Another future postponed. Today we look at an engine technology from the early 1990’s which, for a short time at least, looked like a certainty.
Where do ideas go to die? Are blueprints simply rolled up and secreted away, to be dusted off by historians in decades hence or are there engineers in a quiet workshop somewhere in Australia (or Toyota City) still burning with religious fervour for what now appears to have been something of a lost cause?
Founded by engineer, Ralph Sarich, the Orbital Engine Corporation was based in Perth and during the early 1990’s attracted the interest of a number of big name manufacturers for a clever reworking of the time-honoured but somewhat flawed two-stroke engine design. For a short period of time, it sounded tantalisingly like Continue reading “Stroke of Fortune”
Time to look back on the month of August and see what we have learned.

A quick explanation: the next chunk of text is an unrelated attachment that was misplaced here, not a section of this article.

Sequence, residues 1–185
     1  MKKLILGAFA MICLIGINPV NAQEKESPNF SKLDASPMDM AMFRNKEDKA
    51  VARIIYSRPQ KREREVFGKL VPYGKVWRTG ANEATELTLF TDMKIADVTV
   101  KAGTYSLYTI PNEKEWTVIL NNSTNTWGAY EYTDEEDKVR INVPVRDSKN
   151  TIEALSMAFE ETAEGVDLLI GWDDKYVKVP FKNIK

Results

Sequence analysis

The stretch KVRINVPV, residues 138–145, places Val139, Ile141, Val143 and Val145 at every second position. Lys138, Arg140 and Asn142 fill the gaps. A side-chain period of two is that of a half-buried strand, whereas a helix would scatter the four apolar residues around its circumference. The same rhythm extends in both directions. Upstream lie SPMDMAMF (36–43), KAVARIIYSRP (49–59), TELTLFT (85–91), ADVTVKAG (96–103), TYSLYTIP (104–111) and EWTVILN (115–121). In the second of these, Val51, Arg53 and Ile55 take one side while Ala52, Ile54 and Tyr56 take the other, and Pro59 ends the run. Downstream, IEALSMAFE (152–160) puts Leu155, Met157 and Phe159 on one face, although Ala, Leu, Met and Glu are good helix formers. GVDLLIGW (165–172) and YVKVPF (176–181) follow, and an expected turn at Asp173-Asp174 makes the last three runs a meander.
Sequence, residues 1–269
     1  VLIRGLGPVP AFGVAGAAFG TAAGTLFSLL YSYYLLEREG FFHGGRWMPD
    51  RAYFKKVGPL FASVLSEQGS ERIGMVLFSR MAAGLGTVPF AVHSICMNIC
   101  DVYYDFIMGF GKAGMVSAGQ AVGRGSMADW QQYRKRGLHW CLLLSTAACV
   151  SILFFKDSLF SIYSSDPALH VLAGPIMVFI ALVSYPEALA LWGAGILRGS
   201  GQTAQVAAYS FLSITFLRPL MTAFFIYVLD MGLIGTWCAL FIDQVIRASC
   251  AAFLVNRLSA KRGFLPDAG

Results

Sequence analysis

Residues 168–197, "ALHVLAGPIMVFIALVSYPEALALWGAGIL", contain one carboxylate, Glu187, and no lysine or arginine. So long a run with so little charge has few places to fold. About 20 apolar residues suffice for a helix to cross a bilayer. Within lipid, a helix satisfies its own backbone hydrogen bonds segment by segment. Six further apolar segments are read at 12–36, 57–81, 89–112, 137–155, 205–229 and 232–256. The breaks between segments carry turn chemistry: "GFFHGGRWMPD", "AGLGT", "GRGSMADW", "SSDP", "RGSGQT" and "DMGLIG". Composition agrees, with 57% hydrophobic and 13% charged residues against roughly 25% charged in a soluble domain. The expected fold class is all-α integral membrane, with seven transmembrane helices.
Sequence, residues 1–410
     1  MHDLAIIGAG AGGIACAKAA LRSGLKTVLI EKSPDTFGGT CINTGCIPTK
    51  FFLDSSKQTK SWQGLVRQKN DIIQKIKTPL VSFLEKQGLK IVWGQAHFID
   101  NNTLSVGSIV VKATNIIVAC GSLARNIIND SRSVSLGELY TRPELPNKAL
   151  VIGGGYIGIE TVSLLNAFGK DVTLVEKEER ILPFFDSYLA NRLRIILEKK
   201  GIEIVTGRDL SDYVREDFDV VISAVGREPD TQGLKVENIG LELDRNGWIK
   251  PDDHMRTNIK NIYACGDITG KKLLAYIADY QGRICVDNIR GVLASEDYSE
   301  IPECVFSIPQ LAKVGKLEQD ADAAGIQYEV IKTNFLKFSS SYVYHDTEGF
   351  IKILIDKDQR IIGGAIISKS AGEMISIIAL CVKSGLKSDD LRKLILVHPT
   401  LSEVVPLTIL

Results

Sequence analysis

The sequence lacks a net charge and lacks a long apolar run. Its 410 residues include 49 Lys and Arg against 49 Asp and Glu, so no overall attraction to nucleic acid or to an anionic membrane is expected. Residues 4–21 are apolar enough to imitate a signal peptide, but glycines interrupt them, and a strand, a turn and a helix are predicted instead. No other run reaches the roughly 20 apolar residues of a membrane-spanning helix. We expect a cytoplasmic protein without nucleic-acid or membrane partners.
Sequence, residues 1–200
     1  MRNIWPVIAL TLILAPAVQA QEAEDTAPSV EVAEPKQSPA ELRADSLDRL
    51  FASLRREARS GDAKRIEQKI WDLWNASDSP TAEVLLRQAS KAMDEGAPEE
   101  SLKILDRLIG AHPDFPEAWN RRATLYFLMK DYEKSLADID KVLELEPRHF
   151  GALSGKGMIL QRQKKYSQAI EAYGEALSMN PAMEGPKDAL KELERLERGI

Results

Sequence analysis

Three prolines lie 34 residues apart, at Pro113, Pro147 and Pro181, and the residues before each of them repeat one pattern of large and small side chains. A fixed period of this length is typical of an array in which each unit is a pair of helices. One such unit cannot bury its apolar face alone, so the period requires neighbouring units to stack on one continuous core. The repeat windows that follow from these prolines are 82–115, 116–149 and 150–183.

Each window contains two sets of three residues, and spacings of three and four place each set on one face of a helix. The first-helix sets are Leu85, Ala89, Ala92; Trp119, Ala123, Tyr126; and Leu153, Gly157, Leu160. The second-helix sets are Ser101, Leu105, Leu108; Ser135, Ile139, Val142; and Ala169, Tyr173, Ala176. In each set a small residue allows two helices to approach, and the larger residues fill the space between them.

August has drawn to a close and we are now an important amount wiser on the subject of engines. Among the discoveries are that a combination of regulations and fuel prices have made life uncongenial for large capacity engines. Both in Europe and the US, the V6 is increasingly rare. Furthermore, even the staple of mass-market, mid-range motoring, the boring old 2.0 litre 4-cylinder is beginning look much less like the first rung on the ladder to power and prestige. In a world of buzzy three-cylinders and blown 1.2 litres four-cylinders, the 2.0 litre four has the aura of profligacy once reserved for in-line sixes. The diminishing technical awareness of drivers means this change remains largely unremarked. What buyers want is Continue reading “Theme : Engines – A Conclusion”